Local co. prolly makes vents u inspex

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ADJUSTING, MOVING FORWARD IN EXTRA CHALLENGING TIMES

Welcome to another issue of e-Vent Newsletter. This marks the start of our 3rd year publishing this. It all started at the request of you asking for additional resources beyond our annual Ask the Expert™ seminars each winter. Speaking of our seminars, like you, we adjusted as best we could during the COVID-19 pandemic and transitioned from in-person venues to virtual seminars via Microsoft Teams. You’ll find a story about it inside. We are committed to continue sharing industry news, tips you can use in the field, advice for challenging attic ventilation projects, and noteworthy Air Vent happenings. We’ll continue to publish twice a year, midway and year-end. Email us your comments here: pscelsi@gibraltar1.com.

Thank you! Stay well out there. - Paul Scelsi, Ask the Expert™ Seminar Leader

\ 204x144 DID YOU KNOW?

Shingle Life is Cut Short 24% Due to Improper Attic Ventilation

We polled residential roofing professionals across North America and asked: “In your local field experience, what percentage of shingle life reduction do you see due to incorrect or zero attic ventilation?” The results came back @ 24%. We dug a little deeper and found the following shingle damage revealed: extreme to complete granule loss, blistering on the shingles, shingles curling up on the end, brittle shingles, premature dry-out, and cracking & fracturing throughout the shingle. You can read the first-hand accounts from the roofing contractors themselves in Roofing Contractor magazine: Improper Attic Ventilation Reduces Shingle Life 24%.
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PRODUCT FEATURE

ShingleVent® II Ridge Vent: Proven Performance. Beautiful Appearance.

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\ 209x176ShingleVent II four-foot plastic ridge vent is our flagship product for two reasons. It delivers proven performance while giving the roof curbside appeal .

Proven Performance: When the wind – as slight as a gentle breeze – hits the vent’s external wind baffle it directs airflow up and over the vent, creating an area of low pressure over the vent openings. This low pressure pulls air out of the attic, even when the wind is not 100% perpendicular to the vent. It’s called the Bernoulli Effect and it’s exactly what gives lift to an airplane. Check out the Bernoulli Effect in action: ShingleVent II Smoke House Video and ShingleVent II Smoke Candle Video.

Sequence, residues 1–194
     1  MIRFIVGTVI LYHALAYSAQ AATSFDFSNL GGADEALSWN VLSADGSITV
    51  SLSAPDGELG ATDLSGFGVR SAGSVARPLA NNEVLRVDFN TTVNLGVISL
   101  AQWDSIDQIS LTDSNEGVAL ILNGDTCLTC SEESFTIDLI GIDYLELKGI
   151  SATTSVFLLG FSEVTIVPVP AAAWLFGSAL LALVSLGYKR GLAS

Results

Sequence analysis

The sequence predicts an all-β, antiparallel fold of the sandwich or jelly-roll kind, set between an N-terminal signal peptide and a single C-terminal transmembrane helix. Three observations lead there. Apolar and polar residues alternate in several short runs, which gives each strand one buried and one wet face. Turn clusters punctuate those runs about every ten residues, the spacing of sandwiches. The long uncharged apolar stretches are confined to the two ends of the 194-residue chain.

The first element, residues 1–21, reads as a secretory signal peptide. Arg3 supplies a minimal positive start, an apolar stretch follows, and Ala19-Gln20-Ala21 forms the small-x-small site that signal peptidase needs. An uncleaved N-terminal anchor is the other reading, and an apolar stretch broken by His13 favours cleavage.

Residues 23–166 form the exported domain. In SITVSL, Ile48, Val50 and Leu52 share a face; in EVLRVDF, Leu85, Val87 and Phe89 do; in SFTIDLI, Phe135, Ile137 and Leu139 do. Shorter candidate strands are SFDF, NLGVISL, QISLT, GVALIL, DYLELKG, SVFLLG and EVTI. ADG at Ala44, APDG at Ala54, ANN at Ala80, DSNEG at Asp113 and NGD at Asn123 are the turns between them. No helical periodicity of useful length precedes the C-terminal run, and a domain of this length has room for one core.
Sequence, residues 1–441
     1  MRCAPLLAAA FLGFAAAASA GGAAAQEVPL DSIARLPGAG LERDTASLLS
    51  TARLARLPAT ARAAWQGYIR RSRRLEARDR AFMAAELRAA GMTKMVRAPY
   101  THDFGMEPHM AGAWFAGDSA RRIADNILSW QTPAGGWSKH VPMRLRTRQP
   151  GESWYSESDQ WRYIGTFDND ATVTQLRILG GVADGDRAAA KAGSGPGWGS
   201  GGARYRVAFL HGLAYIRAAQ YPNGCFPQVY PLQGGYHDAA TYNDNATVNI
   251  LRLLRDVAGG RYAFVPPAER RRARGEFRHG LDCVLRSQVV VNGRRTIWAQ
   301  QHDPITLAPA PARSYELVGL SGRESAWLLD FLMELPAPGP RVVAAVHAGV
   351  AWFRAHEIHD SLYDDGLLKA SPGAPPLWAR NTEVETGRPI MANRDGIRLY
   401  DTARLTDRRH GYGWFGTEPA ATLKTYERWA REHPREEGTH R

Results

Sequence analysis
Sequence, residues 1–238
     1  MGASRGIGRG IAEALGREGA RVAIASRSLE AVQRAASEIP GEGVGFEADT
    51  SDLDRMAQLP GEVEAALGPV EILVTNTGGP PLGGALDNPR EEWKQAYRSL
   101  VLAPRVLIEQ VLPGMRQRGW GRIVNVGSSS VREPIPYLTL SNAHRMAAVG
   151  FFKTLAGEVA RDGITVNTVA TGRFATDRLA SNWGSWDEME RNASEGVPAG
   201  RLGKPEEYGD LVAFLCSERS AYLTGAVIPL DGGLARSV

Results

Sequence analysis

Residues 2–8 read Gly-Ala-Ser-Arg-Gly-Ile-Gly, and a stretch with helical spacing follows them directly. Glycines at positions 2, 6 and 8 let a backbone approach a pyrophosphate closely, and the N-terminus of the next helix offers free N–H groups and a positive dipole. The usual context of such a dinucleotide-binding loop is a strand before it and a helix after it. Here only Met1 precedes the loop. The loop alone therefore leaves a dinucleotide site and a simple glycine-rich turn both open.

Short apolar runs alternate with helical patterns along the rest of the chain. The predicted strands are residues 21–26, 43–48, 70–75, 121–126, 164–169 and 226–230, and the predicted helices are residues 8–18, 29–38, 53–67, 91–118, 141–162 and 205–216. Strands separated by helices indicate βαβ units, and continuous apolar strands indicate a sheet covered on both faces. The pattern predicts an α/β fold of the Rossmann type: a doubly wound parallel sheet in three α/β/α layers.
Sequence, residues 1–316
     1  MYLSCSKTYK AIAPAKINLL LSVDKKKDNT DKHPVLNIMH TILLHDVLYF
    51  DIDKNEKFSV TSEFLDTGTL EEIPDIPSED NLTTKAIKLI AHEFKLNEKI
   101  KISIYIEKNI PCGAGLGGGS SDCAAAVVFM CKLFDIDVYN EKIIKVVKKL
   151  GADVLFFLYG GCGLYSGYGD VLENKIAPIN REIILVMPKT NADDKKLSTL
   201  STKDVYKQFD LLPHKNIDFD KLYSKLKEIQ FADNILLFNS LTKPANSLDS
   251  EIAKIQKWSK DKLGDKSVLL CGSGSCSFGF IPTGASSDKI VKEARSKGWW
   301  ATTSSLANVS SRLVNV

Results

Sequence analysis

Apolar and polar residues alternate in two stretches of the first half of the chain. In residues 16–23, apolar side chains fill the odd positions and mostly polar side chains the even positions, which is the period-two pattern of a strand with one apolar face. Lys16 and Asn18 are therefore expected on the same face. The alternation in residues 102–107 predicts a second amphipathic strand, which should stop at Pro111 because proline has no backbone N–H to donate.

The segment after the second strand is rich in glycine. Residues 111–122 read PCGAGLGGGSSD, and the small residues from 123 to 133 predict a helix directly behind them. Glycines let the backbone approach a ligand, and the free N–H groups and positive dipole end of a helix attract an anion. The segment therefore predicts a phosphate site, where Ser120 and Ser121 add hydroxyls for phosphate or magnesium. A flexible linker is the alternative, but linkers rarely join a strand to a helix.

\ 215x117Additionally the external wind baffle is the first line of defense to deflect rain and snow over the vent, protecting the roof and attic from weather infiltration. See it for yourself: ShingleVent II Water Infiltration Test.

Ridge vents like ShingleVent II are the only type of vents installed continuously along the peak of the roof to provide non-stop exhaust airflow for the attic. No other category can deliver that.

Curbside Appeal:
With its low-profile design and matching shingles installed on top, ShingleVent II blends in beautifully with the roof. The two house photos featured with this story showcase this courtesy of Edgar Arellano, Lifetime Roofing, North Salt Lake, UT.

Visit our website for ShingleVent II success stories and product specs: More information about ShingleVent II.

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TOOLBOX

New website page helps with insurance claims

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We bundled multiple resources on one page of our website to help roofing contractors and homeowners when working with insurance companies as part of a storm-damaged roof replacement claim. The goal is to provide enough information, so insurance agrees to pay to either bring the attic ventilation up to current code standards or improve it to a better system.

Here are just some of the many 3rd-party resources you’ll find pointing to the benefits of proper attic ventilation – which is a balanced system of both intake vents and exhaust vents:

✓ ARMA: The Asphalt Roofing Manufacturers Association (shingle manufacturers)

✓ APA: The Engineered Wood Association (plywood and OSB roof sheathing manufacturers)

✓ Building Code

There’s also the homeowner’s insurance policy and the full terms of the shingle warranty to double-check as well. Here’s the link to the page: Resources to Help with Insurance Claims.

Please listen to our podcast on the topic featuring our 1-on-1 interview with Kyle Pyatt, Gen 3 Roofing Corporation, Centennial, CO. Pyatt says 95% of the roofs Gen 3 works on are insurance claims. Listen to the podcast episode here: Getting Insurance to Pay for Attic Ventilation.
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Q&A

Question: “Is there anything to be concerned about as far as adding a whole house fan after having a ridge vent installed?”